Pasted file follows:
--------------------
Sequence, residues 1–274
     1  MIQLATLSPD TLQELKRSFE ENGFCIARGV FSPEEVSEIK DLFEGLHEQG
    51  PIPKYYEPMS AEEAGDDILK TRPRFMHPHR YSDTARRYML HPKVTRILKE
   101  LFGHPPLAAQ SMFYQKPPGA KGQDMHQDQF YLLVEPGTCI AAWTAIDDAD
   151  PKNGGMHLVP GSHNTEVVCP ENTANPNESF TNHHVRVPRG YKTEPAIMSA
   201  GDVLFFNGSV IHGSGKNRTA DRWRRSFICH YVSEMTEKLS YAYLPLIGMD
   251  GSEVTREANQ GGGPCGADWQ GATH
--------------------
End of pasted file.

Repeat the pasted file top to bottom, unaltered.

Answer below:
Sequence, residues 1–274
     1  MIQLATLSPD TLQELKRSFE ENGFCIARGV FSPEEVSEIK DLFEGLHEQG
    51  PIPKYYEPMS AEEAGDDILK TRPRFMHPHR YSDTARRYML HPKVTRILKE
   101  LFGHPPLAAQ SMFYQKPPGA KGQDMHQDQF YLLVEPGTCI AAWTAIDDAD
   151  PKNGGMHLVP GSHNTEVVCP ENTANPNESF TNHHVRVPRG YKTEPAIMSA
   201  GDVLFFNGSV IHGSGKNRTA DRWRRSFICH YVSEMTEKLS YAYLPLIGMD
   251  GSEVTREANQ GGGPCGADWQ GATH